Water Week

EWN Publishing

Eye in the sky: Tiny video cameras, small enough to fit in the palm of a hand attached to tail feathers of 18 crows

Posted by waterweek on 9 October 2007

Tiny video cameras, small enough to fit in the palm of a hand, were attached to the tail feathers of 18 crows. With their lenses pointing out between the legs of the birds, the cameras captured colour footage of the crows foraging for food. The scientists, led by Dr Christian Rutz, from the university’s Depart­ment of Zoology, found that the birds employed a surprisingly wide range of tool materials, including sticks and grass-like stems. One crow used at least three different tools for probing loose material on the ground for about 45 minutes — a foraging technique not observed before, reported The Courier Mail (6/10/2007, p.24).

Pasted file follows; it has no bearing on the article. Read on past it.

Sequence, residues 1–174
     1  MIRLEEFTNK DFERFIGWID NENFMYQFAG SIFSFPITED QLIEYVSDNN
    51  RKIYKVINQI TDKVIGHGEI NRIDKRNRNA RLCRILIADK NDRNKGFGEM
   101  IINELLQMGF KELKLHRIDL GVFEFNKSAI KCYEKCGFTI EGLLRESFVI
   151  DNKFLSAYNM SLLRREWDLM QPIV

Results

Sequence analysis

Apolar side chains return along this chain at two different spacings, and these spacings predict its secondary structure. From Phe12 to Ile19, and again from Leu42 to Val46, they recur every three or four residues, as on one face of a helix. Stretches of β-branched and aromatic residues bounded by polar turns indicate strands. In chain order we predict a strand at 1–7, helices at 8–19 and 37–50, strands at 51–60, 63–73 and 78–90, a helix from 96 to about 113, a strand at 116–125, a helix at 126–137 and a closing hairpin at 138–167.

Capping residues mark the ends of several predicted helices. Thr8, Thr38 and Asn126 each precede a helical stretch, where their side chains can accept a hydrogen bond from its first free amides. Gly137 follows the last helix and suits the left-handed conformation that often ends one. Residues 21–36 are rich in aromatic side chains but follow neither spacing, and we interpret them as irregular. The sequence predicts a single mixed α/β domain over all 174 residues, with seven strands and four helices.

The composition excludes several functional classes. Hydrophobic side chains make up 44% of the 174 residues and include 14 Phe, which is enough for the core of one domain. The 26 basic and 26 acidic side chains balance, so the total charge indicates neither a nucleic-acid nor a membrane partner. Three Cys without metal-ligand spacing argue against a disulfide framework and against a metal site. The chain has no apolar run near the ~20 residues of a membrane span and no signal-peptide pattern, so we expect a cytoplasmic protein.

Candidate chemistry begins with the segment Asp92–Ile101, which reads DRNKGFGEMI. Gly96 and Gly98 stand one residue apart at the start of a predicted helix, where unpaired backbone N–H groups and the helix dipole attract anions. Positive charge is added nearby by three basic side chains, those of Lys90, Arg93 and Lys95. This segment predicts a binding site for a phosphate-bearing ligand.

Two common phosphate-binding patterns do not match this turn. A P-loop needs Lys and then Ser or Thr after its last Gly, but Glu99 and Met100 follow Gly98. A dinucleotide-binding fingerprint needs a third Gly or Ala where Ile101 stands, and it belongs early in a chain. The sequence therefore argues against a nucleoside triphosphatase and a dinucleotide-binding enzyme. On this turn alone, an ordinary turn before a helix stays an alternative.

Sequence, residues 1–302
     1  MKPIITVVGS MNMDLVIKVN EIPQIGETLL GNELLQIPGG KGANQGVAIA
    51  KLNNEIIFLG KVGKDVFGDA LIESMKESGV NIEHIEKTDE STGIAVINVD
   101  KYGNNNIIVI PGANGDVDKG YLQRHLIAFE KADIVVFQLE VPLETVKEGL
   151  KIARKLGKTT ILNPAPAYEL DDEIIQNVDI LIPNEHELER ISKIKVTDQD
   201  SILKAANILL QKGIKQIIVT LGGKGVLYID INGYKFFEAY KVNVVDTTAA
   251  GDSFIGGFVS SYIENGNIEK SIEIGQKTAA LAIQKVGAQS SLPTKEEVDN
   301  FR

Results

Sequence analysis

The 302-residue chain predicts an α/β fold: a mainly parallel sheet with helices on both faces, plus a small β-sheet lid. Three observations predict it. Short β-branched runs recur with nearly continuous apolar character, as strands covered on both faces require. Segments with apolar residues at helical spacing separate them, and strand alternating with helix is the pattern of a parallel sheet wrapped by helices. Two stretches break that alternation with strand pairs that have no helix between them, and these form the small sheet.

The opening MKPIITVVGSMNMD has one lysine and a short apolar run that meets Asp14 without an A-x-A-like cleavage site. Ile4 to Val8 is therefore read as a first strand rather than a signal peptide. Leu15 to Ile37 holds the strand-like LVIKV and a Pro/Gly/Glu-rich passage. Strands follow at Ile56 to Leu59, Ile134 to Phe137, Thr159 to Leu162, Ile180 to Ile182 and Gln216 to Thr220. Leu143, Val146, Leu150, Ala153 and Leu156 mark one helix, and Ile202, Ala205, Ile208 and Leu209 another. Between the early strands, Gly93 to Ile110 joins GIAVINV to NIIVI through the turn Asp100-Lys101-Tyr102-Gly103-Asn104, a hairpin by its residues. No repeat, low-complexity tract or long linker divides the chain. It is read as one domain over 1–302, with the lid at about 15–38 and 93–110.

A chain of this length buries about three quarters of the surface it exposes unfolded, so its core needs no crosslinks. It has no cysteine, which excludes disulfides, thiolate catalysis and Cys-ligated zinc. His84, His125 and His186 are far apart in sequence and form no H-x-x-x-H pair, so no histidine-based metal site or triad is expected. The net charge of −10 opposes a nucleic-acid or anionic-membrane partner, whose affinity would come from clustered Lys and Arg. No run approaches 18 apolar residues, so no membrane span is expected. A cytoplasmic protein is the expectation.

Flying eye: Crows – famous for performing tricks with tools have been allowed to star in their own reality show —filming themselves in the wild with TV cameras attached to their tail feathers. But although they are known to cut leaves into shaped tools for digging grubs out of logs and branches, much about their behav­iour in the wild remains a mystery.

South Pacific test: The crows, which live on the New Caledonia and Loyalty islands in the South Pacific, are sensitive to human disturbance and inhabit remote, forested mountainous areas. To find out more about what the crows get up to away from humans, researchers from the UK’s Oxford University hit on the ingenious solution.

The Courier Mail, 6/10/2007, p. 24


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